The upcoming forty-fifth anniversary of 'Decimal Day' made me think about the supplanted £.s.d. - 'old money', the currency of my youth and a currency of interest to every reader and writer of historical fiction. To me, a budget set out like the one in the picture below makes perfect sense. For those who are younger, it will be more of a puzzle. So here is a brief introduction to £.s.d. and how we learnt to use it.
There were twenty shillings to the pound and twelve pence to the shilling, making 240 pence to the pound.
Until 1817, the standard coins were:
A guinea - a gold coin worth £1/1s or twenty-one shillings.
A crown - a silver coin worth 5s or five shillings
A half-crown - a silver coin worth 2s/6d or two shillings and sixpence
A shilling - a silver coin worth 12d or twelve pence
A sixpence - a silver coin worth 6d or six pence
A threepence - a silver coin worth 3d or three pence
A penny - a copper/bronze coin worth 1d
A halfpenny (pronounced ‘haypenny’ and frequently written ha’penny) - a copper/bronze coin worth half a penny.
A farthing - a copper/bronzer coin worth a quarter of a penny.
As part of the great recoinage of 1817, the guinea was replaced by the sovereign which was a gold coin worth twenty shillings. Although the guinea eventually went out of circulation, into the twentieth century it continued to be the value of choice for professional fees e.g. those of doctors or barristers. Even today, some transactions such as sales of horses and some auctions are carried out in guineas, now with an equivalent value of £1.05p.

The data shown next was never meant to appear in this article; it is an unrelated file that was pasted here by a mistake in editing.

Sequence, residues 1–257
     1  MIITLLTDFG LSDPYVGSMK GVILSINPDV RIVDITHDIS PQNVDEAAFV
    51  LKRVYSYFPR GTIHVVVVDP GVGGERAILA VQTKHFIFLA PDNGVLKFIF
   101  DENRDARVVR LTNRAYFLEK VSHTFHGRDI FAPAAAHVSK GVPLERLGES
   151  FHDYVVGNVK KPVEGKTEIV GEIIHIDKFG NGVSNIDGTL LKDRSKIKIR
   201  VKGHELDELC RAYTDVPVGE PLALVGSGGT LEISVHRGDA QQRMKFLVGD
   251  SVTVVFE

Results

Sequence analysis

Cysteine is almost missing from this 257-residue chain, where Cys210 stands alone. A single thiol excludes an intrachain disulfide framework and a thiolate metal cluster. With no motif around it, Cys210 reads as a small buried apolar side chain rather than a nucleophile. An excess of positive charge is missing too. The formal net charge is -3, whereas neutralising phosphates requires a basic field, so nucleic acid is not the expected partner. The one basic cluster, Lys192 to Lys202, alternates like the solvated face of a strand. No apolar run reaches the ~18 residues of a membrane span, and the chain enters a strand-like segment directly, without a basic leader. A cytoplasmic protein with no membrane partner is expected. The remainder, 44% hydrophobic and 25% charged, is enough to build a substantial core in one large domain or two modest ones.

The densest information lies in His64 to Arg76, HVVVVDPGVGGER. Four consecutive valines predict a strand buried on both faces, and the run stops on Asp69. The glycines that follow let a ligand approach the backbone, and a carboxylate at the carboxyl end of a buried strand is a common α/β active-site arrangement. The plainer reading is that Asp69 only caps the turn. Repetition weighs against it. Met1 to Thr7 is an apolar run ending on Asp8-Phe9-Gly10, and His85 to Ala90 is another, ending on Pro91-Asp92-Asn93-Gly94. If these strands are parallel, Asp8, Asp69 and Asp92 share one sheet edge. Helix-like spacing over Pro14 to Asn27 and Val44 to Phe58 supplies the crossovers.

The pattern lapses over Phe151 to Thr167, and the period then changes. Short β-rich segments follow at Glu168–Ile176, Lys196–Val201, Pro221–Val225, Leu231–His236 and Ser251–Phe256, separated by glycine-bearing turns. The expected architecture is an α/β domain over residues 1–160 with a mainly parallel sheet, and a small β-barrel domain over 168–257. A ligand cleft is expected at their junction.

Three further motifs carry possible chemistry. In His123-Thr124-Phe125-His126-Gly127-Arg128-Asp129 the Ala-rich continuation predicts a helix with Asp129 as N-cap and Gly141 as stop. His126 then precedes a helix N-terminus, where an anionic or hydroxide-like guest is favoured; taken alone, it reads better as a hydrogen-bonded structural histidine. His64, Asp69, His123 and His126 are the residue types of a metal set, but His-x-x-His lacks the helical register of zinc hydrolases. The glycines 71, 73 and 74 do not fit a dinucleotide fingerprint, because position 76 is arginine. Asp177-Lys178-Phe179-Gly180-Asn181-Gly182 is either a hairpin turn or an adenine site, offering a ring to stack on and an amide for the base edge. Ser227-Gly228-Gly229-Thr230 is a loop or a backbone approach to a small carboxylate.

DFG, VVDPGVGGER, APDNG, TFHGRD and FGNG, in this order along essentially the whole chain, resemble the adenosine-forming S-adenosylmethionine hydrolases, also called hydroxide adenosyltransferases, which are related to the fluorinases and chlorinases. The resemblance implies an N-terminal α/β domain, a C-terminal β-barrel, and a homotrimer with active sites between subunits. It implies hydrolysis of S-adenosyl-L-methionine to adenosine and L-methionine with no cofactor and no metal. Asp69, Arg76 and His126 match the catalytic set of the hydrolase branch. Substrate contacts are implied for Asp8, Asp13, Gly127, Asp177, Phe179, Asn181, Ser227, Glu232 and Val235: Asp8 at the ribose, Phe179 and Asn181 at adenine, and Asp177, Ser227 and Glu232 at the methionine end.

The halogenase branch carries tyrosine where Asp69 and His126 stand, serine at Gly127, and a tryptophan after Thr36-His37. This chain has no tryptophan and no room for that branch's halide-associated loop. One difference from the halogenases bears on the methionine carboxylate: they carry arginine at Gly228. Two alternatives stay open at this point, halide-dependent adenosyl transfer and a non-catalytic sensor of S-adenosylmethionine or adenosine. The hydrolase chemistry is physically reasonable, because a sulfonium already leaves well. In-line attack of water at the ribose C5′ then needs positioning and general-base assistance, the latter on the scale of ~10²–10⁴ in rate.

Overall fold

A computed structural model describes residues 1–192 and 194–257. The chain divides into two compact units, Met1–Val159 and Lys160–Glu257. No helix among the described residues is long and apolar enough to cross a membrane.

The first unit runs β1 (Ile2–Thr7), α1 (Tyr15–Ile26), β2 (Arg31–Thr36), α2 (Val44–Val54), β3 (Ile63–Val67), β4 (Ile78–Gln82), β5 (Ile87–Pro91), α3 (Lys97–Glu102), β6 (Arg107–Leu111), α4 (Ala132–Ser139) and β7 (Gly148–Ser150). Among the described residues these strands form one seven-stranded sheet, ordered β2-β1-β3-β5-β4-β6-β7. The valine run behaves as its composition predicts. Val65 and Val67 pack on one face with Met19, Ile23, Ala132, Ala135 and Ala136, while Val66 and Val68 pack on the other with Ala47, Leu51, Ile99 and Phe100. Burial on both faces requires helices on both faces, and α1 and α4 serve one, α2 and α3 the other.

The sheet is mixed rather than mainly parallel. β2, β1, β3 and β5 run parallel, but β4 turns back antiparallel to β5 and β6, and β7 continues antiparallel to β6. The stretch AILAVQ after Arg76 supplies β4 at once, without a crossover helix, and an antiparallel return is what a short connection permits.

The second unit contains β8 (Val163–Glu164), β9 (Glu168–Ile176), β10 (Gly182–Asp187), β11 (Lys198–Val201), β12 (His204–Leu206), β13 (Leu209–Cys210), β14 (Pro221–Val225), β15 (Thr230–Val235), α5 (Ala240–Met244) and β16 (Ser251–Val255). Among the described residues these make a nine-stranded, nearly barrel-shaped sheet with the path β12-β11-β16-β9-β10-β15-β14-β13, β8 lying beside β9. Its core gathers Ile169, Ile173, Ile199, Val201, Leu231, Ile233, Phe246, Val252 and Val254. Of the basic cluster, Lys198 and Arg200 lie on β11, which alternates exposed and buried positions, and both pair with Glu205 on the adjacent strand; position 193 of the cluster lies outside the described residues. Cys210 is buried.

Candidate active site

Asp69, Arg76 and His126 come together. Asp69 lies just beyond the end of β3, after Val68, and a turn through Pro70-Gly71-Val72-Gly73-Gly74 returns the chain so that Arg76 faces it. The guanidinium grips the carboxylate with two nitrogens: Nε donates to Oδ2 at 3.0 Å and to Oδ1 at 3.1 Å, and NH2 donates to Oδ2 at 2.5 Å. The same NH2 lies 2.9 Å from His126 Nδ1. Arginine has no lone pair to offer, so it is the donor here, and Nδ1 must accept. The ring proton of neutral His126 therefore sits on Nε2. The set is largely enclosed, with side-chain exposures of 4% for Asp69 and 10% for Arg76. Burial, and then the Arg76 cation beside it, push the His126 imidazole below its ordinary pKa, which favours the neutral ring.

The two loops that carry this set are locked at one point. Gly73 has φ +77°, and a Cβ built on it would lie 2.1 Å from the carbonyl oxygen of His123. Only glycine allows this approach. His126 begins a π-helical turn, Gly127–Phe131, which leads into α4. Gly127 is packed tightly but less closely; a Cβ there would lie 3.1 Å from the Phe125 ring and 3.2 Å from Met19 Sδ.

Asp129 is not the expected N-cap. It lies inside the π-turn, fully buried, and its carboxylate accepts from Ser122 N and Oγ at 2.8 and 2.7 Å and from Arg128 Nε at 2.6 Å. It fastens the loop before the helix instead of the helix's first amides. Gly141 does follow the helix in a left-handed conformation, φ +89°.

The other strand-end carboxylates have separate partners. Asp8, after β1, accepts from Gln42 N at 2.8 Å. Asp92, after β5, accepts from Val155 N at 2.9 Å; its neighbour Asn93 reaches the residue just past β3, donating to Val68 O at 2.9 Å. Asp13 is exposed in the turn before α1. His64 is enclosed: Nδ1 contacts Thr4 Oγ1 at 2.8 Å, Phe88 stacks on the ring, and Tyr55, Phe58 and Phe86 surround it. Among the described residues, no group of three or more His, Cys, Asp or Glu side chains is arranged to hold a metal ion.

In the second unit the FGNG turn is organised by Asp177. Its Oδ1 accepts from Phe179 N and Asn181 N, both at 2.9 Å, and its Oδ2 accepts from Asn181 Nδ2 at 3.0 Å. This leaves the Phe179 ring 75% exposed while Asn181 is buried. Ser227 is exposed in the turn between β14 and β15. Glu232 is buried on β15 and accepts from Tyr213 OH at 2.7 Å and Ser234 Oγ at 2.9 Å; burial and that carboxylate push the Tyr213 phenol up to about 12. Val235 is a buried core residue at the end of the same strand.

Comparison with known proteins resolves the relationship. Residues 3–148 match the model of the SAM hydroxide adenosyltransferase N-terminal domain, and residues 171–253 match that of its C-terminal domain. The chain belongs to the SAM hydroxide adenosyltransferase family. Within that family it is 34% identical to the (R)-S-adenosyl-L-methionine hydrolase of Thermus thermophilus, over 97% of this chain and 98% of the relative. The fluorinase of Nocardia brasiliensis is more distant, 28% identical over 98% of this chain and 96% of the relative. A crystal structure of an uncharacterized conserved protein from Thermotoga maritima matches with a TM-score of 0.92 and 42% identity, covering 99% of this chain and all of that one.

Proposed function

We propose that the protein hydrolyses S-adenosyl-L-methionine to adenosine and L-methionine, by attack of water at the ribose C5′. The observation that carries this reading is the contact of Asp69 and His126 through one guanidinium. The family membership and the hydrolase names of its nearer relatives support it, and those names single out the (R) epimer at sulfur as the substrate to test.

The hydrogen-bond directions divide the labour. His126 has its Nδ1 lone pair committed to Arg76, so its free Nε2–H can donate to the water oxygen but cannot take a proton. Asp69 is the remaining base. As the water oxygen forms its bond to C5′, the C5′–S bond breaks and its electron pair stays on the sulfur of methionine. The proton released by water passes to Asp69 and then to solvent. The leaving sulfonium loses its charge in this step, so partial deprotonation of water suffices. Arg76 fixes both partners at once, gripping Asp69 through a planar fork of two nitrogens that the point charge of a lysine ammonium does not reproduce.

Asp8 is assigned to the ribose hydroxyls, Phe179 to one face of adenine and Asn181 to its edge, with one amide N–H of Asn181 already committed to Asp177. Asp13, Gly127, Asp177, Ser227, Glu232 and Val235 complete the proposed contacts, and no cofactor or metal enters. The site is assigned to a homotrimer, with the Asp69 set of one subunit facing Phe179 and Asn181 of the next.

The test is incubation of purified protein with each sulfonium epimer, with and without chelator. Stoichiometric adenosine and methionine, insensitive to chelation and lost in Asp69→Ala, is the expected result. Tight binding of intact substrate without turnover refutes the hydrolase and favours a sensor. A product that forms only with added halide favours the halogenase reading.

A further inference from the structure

A two shillings coin or 'florin' was first issued in 1849.
Although still legal tender, crowns gradually went out of use in the nineteenth and twentieth centuries and farthings ceased to be legal tender in 1960. The other coins from half-crown to halfpenny continued in use until decimal day.
1889 Queen Victoria Crown
Suggested budget for a man, his wife and three children with an annual income of £62 in 1823.
This was a family at the lowest end of the income scale. There is no provision for servants, not even occasional charring and tea is allowed 'once a day only'.
How did we cope with such a complicated system? To begin with, we learnt the multiplication tables (up to twelve times twelve) by heart, including the monetary value by reciting them again and again e.g. :
8 Ones are 8 pence
8 Twos are 16 pence; 1 shilling and 4 pence
8 Threes are 24 pence; two shillings
In addition to simple arithmetic, we learnt to add, subtract, multiply and divide using monetary values, remembering always to divide the total number of pence by twelve to find out how many shillings were to be carried forward and then divide the total number of shillings by twenty to see how many pounds were to be carried forward. This was before calculators, so had to be done in our heads. Counting on fingers was frowned upon.
In the example of addition below, I have noted the amount carried forward in brackets at the bottom line of the shillings and pounds columns. Although this was considered a rather babyish thing to do, it helped you check your figures, especially in a long sum.
£ s d
3 4 7
2 9 6
1(2) 8(2) 5
Total 8 0 5
By and large, it was a cumbersome and outdated system and although some elderly people had problems with the change, in general people were glad to see it go. The transition to the new currency went very smoothly. I remember getting the bus on the morning of decimal day and all the passengers made a point of using the new currency, saying, for example, '5p' instead of 'a shilling' as if they had been using the new currency all their lives.